Report Summary

Social Security Administration Office of the Inspector General

May 2009

Potential Social Security Number Misuse in Certain Unique Populations




Our objective was to determine whether Social Security numbers (SSN) had been misused for employment purposes, when certain unique circumstances were present. In doing so, we examined the earnings records of numberholders we believed were less likely to work, including those who may be deceased.


The Social Security Administration (SSA) assigns SSNs primarily to ensure U.S. workers receive appropriate credit for the wages and self employment income they earned and, ultimately, to determine eligibility for and entitlement to full and accurate benefits. When an individual uses another person’s SSN and name to work in the United States, SSA’s system may post wages reported for that worker to the true numberholder’s account. Generally, unless the true numberholder recognizes the overstatement of earnings and disclaims the wages with SSA and/or the Internal Revenue Service, these earnings remain overstated in SSA’s records. This may result in SSA paying some individuals more benefits than they are entitled to receive.

To view the full report, visit

Our Findings

Our audit confirmed that numberholders’ SSNs, in the unique categories we defined, may be misused for work. From the 5 categories reviewed, we identified 24 cases in which someone may have misused the numberholder’s SSN and name, including 1 SSN that belonged to a deceased numberholder. We determined that many of these potentially misused SSNs were from Category 2—SSNs that belonged to numberholders who were age 65 to 99 who had no earnings posted to their accounts before age 65. We estimate about 6,580 of the approximately 77,400 SSNs in this Category were potentially misused for work purposes. We acknowledge that identifying and investigating each case with characteristics similar to those we identified in this review would be labor-intensive and costly—and would likely produce mixed results. Accordingly, we are not recommending that SSA take action to routinely review such occurrences.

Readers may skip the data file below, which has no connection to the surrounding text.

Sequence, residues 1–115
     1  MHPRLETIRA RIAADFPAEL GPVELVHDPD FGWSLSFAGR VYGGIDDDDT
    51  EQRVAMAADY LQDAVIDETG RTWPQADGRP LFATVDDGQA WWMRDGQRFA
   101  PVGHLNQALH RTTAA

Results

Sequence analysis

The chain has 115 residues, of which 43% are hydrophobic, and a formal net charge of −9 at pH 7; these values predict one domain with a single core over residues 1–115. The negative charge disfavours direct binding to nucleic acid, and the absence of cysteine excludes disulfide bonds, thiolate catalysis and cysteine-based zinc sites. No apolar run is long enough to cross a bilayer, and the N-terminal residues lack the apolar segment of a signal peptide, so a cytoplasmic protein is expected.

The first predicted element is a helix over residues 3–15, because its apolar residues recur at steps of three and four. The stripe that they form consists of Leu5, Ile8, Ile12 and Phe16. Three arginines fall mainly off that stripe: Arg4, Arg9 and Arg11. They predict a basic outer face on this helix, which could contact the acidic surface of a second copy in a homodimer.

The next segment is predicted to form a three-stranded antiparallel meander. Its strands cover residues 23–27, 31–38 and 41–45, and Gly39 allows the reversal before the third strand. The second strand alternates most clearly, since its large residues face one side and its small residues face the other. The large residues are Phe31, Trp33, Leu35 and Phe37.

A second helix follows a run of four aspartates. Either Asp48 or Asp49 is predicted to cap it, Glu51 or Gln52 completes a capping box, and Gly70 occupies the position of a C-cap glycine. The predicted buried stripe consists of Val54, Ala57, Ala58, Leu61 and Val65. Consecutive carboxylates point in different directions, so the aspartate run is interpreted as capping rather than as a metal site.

We also concluded that SSA’s Single Select system posted other’s wages to aged (age 100 or older) numberholders’ earnings records. In addition, we identified deceased numberholders whose Numidents did not reflect their dates of death.

Our Recommendations

We recommend that SSA:

  1. Generate an alert for manual review before its system posts earnings to aged (age 100 or older) numberholders’ records.
  2. Remove the erroneous wages that Single Select posted to the eight records identified in our review.
  3. Record the deaths identified in this review to the appropriate Numidents.

SSA agreed with the recommendations.